The application of enhanced in situ bioremediation for the treatment of chlorinated solvent source areas, referred to as dense non-aqueous phase liquid (DNAPL), offers major potential as a technically and economically effective remediation option. Project SABRe (Source Area BioRemediation) was designed to develop and demonstrate that enhanced anaerobic bioremediation can result in cost effective and quantifiable treatment of chlorinated solvent DNAPL source areas. Geosyntec was a key member of this collaborative project that was undertaken and financed by a multidisciplinary team from the United Kingdom, United States, and Canada, forming a unique industry-regulatory- academic partnership.
Geosyntec's Scope of Services
The SABRe project comprised laboratory and field pilot-scale development of enhanced anaerobic bioremediation applied to DNAPL source areas to accelerate reductive dechlorination by specific types of bacteria. Field pilot studies were undertaken in two closely coordinated trials: one contained cell that enabled intensive control and monitoring of the treatment process, and one uncontained area that represented a practical model of how such a process could be cost-effectively implemented at further sites. Planning and design of the field trials was been supported by performance and analysis of extensive and detailed laboratory studies. Geosyntec conceived and designed a highly instrumented in situ test cell (over 400 sample points were established within the 4x30-meter test cell) for demonstrating the use of bioremediation to deplete DNAPL source areas. The purpose of the test cell was to facilitate monitoring of groundwater quality downgradient of a TCE DNAPL source area to estimate DNAPL mass depletion over a two year experimental period. Geosyntec also conducted bench scale microcosm batch and column studies to support the project design, and took a lead role in managing the ongoing experimental design for the field trials.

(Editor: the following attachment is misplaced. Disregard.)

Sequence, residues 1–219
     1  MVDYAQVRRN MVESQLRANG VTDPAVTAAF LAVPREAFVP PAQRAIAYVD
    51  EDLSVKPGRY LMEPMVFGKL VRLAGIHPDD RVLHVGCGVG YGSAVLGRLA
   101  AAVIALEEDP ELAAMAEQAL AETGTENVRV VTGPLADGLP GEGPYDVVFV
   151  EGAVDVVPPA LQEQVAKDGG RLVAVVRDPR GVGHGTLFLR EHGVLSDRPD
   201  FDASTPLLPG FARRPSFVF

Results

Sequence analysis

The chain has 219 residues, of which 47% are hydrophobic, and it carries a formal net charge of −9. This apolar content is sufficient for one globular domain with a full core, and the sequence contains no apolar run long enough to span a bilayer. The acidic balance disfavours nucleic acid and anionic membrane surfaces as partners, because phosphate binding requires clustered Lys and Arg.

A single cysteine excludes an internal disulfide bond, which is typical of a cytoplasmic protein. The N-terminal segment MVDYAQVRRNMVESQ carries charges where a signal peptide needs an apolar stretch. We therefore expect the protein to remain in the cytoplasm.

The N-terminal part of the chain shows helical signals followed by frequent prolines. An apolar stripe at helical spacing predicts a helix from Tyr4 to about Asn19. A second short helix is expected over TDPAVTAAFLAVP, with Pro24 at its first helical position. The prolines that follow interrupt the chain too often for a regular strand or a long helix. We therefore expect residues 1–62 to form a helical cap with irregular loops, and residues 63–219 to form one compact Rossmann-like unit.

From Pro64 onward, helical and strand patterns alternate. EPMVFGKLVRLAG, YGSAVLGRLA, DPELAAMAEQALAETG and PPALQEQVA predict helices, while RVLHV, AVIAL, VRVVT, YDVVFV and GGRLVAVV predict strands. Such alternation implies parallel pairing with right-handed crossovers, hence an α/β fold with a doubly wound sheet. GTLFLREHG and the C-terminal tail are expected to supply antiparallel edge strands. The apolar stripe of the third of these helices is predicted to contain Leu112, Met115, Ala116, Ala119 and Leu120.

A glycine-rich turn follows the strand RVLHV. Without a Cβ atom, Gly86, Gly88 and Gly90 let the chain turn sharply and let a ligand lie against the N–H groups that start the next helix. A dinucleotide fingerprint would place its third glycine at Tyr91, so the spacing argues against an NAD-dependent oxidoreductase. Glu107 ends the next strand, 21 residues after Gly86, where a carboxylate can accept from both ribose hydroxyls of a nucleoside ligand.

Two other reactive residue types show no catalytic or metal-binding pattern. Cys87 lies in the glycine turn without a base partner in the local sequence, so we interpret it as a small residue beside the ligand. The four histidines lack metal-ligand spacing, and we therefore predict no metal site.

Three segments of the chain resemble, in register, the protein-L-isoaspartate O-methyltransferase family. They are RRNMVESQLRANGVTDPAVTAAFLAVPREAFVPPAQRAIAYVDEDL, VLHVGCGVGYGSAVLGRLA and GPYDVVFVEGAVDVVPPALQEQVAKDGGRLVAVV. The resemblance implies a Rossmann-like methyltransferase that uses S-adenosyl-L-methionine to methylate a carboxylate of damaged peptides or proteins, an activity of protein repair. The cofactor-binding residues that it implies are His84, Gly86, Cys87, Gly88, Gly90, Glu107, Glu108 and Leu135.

The development of any in situ remediation technology requires a high level of confidence in the field performance and understanding of the process to facilitate reliable implementation and widespread acceptance. For DNAPL remediation, this need is greater due to the complexity of source areas, the difficulty in demonstrating performance of existing competing technologies, and their ineffectiveness. The SABRe test cell was intensively monitored by traditional and novel chemical, biological and geophysical techniques, which yielded one of the most comprehensive data sets ever collected for this purpose. These data have been used to develop, calibrate, and verify a comprehensive process model that simulates DNAPL dissolution, multi-species chemical transport, partitioning, various redox processes, electron donor fermentation and degradation of chlorinated ethenes by reductive dechlorination. Data and model results have demonstrated extensive degradation and substantial mass reduction within the cell. Bioremediation is a leading alternative for full scale remediation at this site.